Europe Visita Iglesia #3: Notre Dame Cathedral in Paris, France

Notre Dame Cathedral in Paris, France

Every time I went to Paris, I never failed to pay a visit to Notre Dame if only to listen to the awesome pipe organ playing during Mass. Because of its rich history, there is so much to see of course like the beautiful stained glass rose windows.

The tall spire stands tall above the city’s landscape. It was destroyed in the 2019 fire but will be rebuilt in all its former glory.
The Seine runs past the Cathedral that's built on an island which splits the river into two branches.
The Seine runs past the Cathedral that’s built on an island which splits the river into two branches.
The altar has a simple golden Cross standing above the Pieta.
The altar has a simple golden Cross standing above the Pieta.
In front of the cathedral after Mass.
In front of the cathedral after Mass.

Built in 1163 on the site of a Roman temple, it epitomizes the history of the city of Paris because it has been witness to momentous events of French history including the crowning of England’s Henry VI as King of France and the coronation of Napoleon Bonaparte.

Notre Dame Paris Detail of the front facade.
Notre Dame Paris Detail of the front facade.
Sculpture in one of the chapels.
Sculpture in one of the chapels.
The garden at the rear of the cathedral.
The garden at the rear of the cathedral.
The main entrance door called the Portal of Last Judgement tells the story of heaven and hell.
The main entrance door called the Portal of Last Judgement tells the story of heaven and hell.

Though originally of Romanesque design as seen from the twin towers on the facade, Gothic elements were introduced later in the 13th century when magnificent flying buttresses were added on the sides to distribute the weight of the walls and add space to the interiors.

Stained glass above the Notre Dame altar.
Stained glass above the Notre Dame altar.
That's the organ with 8,000 pipes and five keyboards above the entrance with one of the rose windows behind it.
That’s the organ with 8,000 pipes and five keyboards above the entrance with one of the rose windows behind it.
A sculpted frieze depicting the life of Christ.
A sculpted frieze depicting the life of Christ.
The view from the entrance towards the altar. You have to crane your neck upwards to take in the magnificent arches that tower up high above you.
The view from the entrance towards the altar. You have to crane your neck upwards to take in the magnificent arches that tower up high above you.

After the French Revolution, the church was plundered and desecrated and turned into an atheist’s Temple of Reason. As such, it came to be used as a warehouse for the storage of food and other non-religious purposes.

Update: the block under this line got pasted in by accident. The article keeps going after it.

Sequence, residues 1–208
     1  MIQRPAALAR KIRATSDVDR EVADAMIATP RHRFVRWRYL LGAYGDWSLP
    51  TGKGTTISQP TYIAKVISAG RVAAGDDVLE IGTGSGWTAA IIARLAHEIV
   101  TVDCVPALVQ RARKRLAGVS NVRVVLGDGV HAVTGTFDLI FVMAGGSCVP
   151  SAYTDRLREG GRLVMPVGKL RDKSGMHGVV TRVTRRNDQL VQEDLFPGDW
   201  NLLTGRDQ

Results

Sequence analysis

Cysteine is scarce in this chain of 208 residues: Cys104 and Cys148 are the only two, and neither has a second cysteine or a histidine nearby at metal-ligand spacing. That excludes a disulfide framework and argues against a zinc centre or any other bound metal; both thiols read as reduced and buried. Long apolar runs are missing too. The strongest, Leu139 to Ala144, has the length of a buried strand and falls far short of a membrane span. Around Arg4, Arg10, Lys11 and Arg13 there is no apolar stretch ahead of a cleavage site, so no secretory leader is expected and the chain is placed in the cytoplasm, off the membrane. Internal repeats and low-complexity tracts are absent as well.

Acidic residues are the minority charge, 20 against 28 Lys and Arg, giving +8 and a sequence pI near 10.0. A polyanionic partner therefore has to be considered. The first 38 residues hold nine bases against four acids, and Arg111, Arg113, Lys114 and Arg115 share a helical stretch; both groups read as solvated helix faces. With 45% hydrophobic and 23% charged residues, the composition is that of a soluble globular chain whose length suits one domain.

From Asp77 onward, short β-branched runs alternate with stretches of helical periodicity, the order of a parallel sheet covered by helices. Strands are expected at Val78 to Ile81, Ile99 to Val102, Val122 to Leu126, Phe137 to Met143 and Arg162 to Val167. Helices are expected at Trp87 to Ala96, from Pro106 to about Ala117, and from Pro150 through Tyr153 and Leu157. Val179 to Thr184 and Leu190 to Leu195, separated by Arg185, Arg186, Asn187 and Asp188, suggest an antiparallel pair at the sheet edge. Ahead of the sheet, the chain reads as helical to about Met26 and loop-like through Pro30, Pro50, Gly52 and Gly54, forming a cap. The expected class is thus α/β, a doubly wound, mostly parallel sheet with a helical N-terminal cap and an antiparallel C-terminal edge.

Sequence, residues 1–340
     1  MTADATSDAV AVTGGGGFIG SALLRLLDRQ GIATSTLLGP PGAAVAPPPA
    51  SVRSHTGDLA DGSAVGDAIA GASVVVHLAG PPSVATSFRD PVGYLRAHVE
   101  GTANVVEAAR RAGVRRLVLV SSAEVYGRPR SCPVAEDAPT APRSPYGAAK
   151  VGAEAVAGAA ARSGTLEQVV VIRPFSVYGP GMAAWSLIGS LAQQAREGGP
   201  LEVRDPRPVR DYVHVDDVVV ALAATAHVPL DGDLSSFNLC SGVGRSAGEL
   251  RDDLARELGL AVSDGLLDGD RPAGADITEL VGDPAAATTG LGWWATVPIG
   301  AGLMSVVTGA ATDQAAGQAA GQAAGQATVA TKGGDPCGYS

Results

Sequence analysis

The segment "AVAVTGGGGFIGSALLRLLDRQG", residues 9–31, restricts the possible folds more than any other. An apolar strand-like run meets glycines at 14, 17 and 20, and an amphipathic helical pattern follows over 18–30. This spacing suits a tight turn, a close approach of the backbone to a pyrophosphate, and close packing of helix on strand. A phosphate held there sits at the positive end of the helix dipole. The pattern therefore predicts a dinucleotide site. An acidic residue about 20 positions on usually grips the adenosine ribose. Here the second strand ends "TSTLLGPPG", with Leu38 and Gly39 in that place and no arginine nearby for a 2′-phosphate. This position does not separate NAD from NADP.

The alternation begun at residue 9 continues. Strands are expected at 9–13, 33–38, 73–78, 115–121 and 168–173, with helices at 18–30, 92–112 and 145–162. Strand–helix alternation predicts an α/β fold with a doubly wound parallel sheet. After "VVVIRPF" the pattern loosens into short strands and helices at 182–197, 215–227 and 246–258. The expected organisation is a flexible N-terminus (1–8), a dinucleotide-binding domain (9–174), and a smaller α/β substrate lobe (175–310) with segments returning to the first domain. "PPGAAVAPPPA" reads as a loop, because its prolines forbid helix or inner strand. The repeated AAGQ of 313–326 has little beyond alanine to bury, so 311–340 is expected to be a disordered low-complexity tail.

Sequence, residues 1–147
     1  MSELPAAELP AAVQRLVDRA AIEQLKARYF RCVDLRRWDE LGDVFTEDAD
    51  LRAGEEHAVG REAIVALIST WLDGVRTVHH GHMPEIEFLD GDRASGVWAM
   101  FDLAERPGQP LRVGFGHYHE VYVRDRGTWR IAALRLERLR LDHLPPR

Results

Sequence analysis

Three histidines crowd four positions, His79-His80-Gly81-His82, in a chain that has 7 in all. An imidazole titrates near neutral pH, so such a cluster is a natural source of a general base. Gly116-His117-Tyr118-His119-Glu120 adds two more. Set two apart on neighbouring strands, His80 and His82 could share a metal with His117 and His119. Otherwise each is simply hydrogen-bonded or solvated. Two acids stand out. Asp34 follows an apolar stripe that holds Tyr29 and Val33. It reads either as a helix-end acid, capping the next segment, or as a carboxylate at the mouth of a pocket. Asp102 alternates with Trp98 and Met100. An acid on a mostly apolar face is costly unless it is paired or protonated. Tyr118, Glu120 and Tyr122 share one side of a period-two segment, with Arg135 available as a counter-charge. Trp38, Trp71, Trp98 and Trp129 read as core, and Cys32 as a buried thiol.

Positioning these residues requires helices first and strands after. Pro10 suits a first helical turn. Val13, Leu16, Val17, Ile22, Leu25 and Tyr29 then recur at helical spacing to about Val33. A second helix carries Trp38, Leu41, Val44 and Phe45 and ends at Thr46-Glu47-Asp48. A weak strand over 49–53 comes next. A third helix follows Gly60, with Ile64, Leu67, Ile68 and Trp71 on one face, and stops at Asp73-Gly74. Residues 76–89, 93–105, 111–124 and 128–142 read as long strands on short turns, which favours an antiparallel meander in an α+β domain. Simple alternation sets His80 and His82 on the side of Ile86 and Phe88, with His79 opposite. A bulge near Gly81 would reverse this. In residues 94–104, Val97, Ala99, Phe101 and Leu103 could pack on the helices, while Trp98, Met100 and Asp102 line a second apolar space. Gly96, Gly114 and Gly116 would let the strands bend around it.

The stained glass rose window is one of the characteristics of Gothic architecture which brings light into the enormously tall interiors.
The stained glass rose window is one of the characteristics of Gothic architecture which brings light into the enormously tall interiors.
Side elevation facing the Seine.
Side elevation facing the Seine.
The view from the altar looking at the wooden pews.
The view from the altar looking at the wooden pews.

After almost being demolished because of disrepair, the church was restored and renovated upon King Louis Philippe’s order thanks in part to Victor Hugo’s novel “The Hunchback of Notre Dame” which was a bestseller and raised awareness among people of the cathedral’s decaying state. It was during this time when the middle spire was added and those mythical creatures, the gargoyles on the rooftops serving as waterspouts, were added.

The rose window from the outside gardens.
The rose window from the outside gardens.
Some of the gargoyles watching from the roof.
Some of the gargoyles watching from the roof.
There were always people at night on the wide plaza till the early hours of the morning.
There were always people at night on the wide plaza till the early hours of the morning.

The Cathedral is now undergoing repairs and renovation after the terrible fire that gutted the roof and spire on April 15, 2019. The plan is to build the roof structure just like the original, cutting the oakwood from a forest with 200-year-old trees near Le Mans. So there’s much hope that Our Lady of Paris will be back to its grand old self as one of the most beloved symbols of the City of Lights.

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About the Author

Al P. Manlangit is a Filipino architect based in Kuwait who loves to travel and take photos everytime he gets the chance to do so. The genres that he explores are landscape, architecture, and street photography which come in handy wherever he goes. He blogs at designerq8.com, focusing on interesting places he visited with short stories to tell behind each frame.

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